Homebuilder sentiment reaches 3-month high in August
Sentiment among American homebuilders unexpectedly increased to a three-month high as builders saw greater prospects for industry demand despite elevated material costs and shortages of labor and lots, according to data Tuesday from the National Association of Home Builders/Wells Fargo.
The Builders' Housing Market Index increased to 68 (the estimate was 64) from 64 in July. The measure of the six-month sales outlook rose to 78 from 73. The index of current sales climbed to 74 from 70.
The climb follows an easing to an eight-month low in July as builders were challenged with higher materials costs for items such as lumber. Builders are upbeat about a strengthening job market and still-low mortgage rates that are helping prospective buyers. Housing remains a modest contributor to overall U.S. growth that is finding its footing after a rough start to 2017.
"Our members are encouraged by rising demand in the new-home market," NAHB Chairman Granger MacDonald, a homebuilder and developer from Kerrville, Texas, said in a statement. "This is due to ongoing job and economic growth, attractive mortgage rates, and growing consumer confidence."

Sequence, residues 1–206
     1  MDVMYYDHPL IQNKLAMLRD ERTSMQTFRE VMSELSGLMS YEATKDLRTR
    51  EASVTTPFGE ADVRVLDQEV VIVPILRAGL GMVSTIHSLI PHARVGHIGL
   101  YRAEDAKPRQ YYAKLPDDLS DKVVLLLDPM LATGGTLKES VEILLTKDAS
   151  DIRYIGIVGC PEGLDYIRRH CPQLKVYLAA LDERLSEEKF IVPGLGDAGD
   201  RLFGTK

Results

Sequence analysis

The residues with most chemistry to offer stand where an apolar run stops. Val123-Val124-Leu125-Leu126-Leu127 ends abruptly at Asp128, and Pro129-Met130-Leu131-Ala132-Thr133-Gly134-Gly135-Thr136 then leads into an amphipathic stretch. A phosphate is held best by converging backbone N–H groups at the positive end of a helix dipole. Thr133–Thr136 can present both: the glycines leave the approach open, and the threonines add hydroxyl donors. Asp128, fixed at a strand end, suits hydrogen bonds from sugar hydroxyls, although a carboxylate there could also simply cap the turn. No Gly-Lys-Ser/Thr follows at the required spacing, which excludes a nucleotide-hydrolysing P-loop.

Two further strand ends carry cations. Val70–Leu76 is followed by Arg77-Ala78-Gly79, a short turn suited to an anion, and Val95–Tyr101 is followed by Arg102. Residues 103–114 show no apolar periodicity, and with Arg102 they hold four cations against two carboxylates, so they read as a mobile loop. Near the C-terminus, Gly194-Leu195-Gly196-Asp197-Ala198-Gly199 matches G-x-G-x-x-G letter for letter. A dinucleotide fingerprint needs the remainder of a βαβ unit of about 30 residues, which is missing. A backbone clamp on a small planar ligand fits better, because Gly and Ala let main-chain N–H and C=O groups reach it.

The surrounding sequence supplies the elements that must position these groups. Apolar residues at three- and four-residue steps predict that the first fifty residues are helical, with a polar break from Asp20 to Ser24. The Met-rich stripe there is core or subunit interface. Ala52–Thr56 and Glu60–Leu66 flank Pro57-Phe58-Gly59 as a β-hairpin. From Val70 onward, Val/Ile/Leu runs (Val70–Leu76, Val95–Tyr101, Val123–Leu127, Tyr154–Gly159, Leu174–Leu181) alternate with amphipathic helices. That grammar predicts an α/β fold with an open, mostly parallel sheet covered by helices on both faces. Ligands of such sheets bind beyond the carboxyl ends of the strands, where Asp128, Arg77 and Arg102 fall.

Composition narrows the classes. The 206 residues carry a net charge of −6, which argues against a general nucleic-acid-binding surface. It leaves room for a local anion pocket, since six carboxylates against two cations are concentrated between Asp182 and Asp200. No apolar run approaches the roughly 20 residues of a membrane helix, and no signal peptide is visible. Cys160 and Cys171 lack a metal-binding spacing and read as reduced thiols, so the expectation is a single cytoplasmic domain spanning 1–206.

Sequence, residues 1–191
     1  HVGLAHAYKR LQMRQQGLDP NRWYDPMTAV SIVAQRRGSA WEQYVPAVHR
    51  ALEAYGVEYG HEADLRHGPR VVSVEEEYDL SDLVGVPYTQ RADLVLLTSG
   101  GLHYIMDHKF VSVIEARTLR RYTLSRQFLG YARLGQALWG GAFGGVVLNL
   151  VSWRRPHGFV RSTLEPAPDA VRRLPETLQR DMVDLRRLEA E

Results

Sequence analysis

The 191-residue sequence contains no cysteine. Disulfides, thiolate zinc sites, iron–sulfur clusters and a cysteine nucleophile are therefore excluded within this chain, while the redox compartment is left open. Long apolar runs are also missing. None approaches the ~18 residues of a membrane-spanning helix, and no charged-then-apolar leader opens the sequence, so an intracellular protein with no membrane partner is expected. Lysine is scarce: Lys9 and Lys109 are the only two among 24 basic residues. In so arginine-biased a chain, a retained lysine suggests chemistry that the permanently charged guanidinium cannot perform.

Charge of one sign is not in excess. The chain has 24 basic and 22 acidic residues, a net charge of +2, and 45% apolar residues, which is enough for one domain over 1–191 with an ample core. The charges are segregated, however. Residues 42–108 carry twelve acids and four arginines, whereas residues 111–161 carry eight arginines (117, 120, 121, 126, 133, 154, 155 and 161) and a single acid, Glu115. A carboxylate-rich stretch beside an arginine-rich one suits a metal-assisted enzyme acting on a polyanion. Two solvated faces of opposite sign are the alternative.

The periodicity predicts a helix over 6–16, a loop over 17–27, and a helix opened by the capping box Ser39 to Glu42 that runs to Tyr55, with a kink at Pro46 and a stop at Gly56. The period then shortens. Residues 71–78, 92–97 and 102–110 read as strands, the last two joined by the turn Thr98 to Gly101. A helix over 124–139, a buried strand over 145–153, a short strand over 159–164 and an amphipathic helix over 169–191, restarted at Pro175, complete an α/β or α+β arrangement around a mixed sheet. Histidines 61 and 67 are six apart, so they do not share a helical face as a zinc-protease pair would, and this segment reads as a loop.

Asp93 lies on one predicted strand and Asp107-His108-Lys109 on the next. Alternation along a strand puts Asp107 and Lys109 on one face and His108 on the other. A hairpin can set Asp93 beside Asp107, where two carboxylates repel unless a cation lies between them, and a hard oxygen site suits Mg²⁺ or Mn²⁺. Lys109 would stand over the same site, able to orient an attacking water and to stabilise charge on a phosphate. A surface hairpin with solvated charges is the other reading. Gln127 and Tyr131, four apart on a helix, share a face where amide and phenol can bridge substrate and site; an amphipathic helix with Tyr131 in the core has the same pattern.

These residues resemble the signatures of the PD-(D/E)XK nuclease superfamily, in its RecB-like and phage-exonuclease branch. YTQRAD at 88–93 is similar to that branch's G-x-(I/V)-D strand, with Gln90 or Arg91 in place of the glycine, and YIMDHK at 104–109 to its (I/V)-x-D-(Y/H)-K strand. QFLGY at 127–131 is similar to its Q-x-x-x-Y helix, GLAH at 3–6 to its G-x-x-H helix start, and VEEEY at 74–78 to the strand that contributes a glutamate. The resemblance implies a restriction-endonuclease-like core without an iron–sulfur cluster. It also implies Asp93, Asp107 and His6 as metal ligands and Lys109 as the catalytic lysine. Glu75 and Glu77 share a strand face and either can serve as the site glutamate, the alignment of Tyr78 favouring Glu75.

"GDP growth improved in the second quarter, which helped sustain housing demand," Robert Dietz, chief economist at NAHB, said in the statement. "However, builders continue to face supply-side challenges, such as lot and labor shortages and rising building material costs."
Readings greater than 50 indicate more respondents reported good market conditions. The gauge of prospective buyer traffic increased to 49 from 48. Confidence rose in all four regions, led by a 7-point surge in the South.